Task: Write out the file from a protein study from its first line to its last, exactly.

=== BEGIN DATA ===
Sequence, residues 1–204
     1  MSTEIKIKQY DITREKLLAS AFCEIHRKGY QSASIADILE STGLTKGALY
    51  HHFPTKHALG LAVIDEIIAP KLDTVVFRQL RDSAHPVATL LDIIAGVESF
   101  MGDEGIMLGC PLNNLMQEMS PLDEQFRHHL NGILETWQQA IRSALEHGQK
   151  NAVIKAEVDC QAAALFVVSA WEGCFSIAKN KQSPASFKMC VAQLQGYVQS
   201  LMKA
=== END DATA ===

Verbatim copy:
Sequence, residues 1–204
     1  MSTEIKIKQY DITREKLLAS AFCEIHRKGY QSASIADILE STGLTKGALY
    51  HHFPTKHALG LAVIDEIIAP KLDTVVFRQL RDSAHPVATL LDIIAGVESF
   101  MGDEGIMLGC PLNNLMQEMS PLDEQFRHHL NGILETWQQA IRSALEHGQK
   151  NAVIKAEVDC QAAALFVVSA WEGCFSIAKN KQSPASFKMC VAQLQGYVQS
   201  LMKA